NiaMassage

Musings from the Massage Chair & Table

What ‘NOT’ to Say to a Therapist (part 2 of 3)

This is the second part of the series. If you’ve missed part one, you can click here.

People tell me some interesting things...

People tell me some interesting things…

9.            I ache all over; Can you fix everything in one session? I could try, but it wouldn’t be a great massage. We’ll target the areas that hurt the worst, and address the rest, in the time allowed. It’s not a ploy for more appointments; it is a plan to get you feeling better.

10.         What is Qi, Xi? Pronounced, chee, it’s an Eastern term referring to energy flowing through everything. (This is a very simple description to the question. I’ll get to that in a later post.)

11.         So, what exactly does a ‘full body massage’ include? If you’re asking this question, please refer to question 5.

12.         Is it weird to rub naked bodies all day? When I was 13, and I had people tell me that I had ‘good hands’ and I should be a massage therapist, yes, the idea creeped me out. But, after all, I was 13; I didn’t even have a positive body image of myself. Now, it does not bother me at all.

13.         I’m a regular; can you cut me a deal? There’s no problem in the asking, but expecting for a ‘deal’ to be cut is presumptuous. If you’re a true regular, I’ll already be letting you know when the ‘deal’ would be coming.

14.         I want a deep tissue all over for two hours. It’s a grand plan, a 2 hour massage, but in most cases, not a good idea. It can become energy-draining to the therapist, and after about 90 minutes, not as fun as you’d think.

15.         Go as deep as you like – I can take the pressure! Please let me know as the session progresses if the pressure isn’t enough; bruises don’t look good on ANYONE.

How deep is TOO deep? Bruises don't look good on anyone.

How deep is TOO deep? Bruises don’t look good on anyone.

16.         You actually had to go to school for massage? I sure did, and I still do, to maintain my license. It keeps my training sharp, and I learn new techniques to help you feel better. Would you want someone to perform surgery, and has no proper training?

Next week is the end of this series, so far. Are there any questions that you’d like to have answered? If they aren’t covered in next week’s blog post, they will be added!

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Does Size Really Matter?

This is a response to a news article from KDVR in Aurora, Colorado about a client that was turned away from getting a massage, because of her size.

Laura Smith, after training for months to complete a 1/2 marathon, scheduled a massage post-race, to recover. She was turned away because, at 6’1″ and 250 pounds, she was told that she was too large for the table.

I have a problem with this. At her size, ‘being too large’ for the table should not have been an issue. If the client would have been male, it definitely wouldn’t have been. On a quality table, the weight wouldn’t even matter. Most tables, especially portable ones, the static weight (just the client, alone)  that the table can hold is approximately 500, pounds. When I bought my table, the VERY first thing I did was to lay on my table, turn over, and roll around. I did this because if I feel comfortable on my table, at MY size, anyone on my table would feel safe doing the same thing. When I worked on my clients in Massachusetts (pic below, 2003) I was 5’9″ and 325 pounds, so even me working on my clients didn’t even worry me at all, and I was heavy handed, then. I also bought it so that if I needed to do some deep tissue work, it would do the job.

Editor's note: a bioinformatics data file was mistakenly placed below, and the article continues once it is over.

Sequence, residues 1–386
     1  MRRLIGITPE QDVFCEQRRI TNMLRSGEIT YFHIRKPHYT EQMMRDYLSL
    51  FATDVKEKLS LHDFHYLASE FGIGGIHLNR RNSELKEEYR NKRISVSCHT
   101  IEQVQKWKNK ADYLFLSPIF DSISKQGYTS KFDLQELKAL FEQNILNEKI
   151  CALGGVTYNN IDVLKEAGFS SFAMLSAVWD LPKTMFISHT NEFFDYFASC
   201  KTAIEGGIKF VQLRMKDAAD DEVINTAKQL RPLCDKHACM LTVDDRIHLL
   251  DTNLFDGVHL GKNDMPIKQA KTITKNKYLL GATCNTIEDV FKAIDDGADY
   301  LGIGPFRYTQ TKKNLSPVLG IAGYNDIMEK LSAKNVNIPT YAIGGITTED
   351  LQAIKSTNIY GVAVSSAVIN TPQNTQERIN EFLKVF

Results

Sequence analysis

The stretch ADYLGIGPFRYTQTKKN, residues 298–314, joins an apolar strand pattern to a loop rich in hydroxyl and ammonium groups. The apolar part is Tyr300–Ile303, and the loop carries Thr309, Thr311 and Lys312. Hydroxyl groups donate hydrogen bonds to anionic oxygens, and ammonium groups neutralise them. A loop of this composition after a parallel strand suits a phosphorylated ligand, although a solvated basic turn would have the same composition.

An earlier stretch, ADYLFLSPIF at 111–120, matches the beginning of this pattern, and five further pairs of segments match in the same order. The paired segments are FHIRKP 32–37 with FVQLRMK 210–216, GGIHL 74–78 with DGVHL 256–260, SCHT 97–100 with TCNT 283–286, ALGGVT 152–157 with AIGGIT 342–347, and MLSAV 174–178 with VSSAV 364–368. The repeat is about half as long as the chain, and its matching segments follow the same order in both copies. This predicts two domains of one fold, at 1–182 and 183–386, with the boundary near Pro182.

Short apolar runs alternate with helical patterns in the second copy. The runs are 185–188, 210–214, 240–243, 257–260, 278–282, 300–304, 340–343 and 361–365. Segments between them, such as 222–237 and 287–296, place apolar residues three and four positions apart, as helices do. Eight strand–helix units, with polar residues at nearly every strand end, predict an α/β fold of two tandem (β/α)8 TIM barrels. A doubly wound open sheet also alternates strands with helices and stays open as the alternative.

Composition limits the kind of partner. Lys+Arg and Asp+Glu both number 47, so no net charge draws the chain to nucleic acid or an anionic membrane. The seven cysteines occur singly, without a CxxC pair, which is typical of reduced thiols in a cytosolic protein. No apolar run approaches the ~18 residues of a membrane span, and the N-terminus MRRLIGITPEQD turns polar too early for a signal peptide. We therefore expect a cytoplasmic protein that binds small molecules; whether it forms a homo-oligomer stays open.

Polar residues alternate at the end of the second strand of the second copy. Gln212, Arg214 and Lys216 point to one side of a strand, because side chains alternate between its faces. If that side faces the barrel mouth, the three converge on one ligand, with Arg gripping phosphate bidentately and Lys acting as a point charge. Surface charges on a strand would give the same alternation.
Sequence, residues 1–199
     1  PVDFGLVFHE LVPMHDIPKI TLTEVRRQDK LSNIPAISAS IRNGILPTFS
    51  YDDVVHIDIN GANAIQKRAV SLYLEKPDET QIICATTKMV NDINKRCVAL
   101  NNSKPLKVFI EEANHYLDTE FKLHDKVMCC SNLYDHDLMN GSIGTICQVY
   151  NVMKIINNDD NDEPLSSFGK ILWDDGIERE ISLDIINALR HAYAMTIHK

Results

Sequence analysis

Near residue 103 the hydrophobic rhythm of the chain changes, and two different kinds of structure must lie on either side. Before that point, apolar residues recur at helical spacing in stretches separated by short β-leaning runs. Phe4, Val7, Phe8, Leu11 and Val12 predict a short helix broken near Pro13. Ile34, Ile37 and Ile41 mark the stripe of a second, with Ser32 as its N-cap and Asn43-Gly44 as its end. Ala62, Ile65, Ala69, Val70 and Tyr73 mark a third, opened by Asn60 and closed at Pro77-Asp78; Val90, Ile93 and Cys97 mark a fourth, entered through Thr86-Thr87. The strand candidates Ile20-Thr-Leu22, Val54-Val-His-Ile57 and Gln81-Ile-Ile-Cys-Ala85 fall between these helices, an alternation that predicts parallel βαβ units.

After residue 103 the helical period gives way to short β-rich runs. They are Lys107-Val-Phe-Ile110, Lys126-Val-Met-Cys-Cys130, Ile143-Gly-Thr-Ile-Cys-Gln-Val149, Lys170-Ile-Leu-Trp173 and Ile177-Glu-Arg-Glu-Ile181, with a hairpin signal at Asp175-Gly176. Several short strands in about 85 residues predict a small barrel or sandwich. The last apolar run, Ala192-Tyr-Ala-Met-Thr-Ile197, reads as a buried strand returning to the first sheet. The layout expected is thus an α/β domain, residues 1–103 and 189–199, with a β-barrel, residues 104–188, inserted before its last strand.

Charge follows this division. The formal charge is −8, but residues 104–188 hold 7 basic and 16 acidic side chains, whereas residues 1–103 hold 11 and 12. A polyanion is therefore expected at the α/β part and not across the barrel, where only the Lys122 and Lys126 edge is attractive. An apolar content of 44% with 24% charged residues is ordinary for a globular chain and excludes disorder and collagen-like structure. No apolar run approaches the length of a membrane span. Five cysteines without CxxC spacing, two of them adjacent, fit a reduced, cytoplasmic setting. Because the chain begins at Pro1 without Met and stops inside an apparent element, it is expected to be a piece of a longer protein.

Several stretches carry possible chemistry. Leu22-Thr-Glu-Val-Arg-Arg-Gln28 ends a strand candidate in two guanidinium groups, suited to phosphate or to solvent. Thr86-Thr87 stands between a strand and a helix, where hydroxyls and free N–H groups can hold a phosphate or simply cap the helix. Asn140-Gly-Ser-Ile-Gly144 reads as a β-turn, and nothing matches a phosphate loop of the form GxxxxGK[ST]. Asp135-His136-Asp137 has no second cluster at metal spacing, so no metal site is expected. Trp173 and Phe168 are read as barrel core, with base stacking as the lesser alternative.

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Volunteer Team at the LowellWalk for Cancer Care, Lowell, MA 2003.

I make it a point to ensure that whoever is on my table feels the MOST comfortable, because this massage isn’t about me, it’s about them, and what they need to accomplish in the session. I check my table for creaks and cracks, because that is the last thing that you need to hear on my table, and worry if this table is going to hold. A nervous client doesn’t make for a great massage, and bracing every five seconds thinking that the table may not hold you will definitely not make for a great session. I would definitely NOT put you on a table that would break under your weight, and then, insult upon injury, charge you for breaking the table.

If you have any questions about anything prior to your massage session, you go ahead and ask them. If the therapist tells you anything that makes you feel uncomfortable, don’t you DARE be afraid to ask for another therapist. I really hope that Laura goes to get that massage. Body image is already such a sensitive issue, and this shouldn’t have been a worry, for the client, much less, the therapist.  Anyone that trains and runs marathons I have the deepest respect for; That is no joke.

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Completing The Color Run & the Long Walk Home. April, 2011

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